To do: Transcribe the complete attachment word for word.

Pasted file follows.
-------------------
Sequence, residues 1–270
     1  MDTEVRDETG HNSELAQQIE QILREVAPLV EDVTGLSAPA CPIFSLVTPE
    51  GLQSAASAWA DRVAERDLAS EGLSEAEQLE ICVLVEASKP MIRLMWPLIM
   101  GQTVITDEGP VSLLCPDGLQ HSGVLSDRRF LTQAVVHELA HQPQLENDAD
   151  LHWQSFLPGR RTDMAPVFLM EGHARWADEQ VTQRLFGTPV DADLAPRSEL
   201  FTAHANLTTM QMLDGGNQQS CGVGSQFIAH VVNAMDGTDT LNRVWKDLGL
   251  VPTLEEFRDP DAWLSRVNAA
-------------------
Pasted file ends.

Sequence, residues 1–270
     1  MDTEVRDETG HNSELAQQIE QILREVAPLV EDVTGLSAPA CPIFSLVTPE
    51  GLQSAASAWA DRVAERDLAS EGLSEAEQLE ICVLVEASKP MIRLMWPLIM
   101  GQTVITDEGP VSLLCPDGLQ HSGVLSDRRF LTQAVVHELA HQPQLENDAD
   151  LHWQSFLPGR RTDMAPVFLM EGHARWADEQ VTQRLFGTPV DADLAPRSEL
   201  FTAHANLTTM QMLDGGNQQS CGVGSQFIAH VVNAMDGTDT LNRVWKDLGL
   251  VPTLEEFRDP DAWLSRVNAA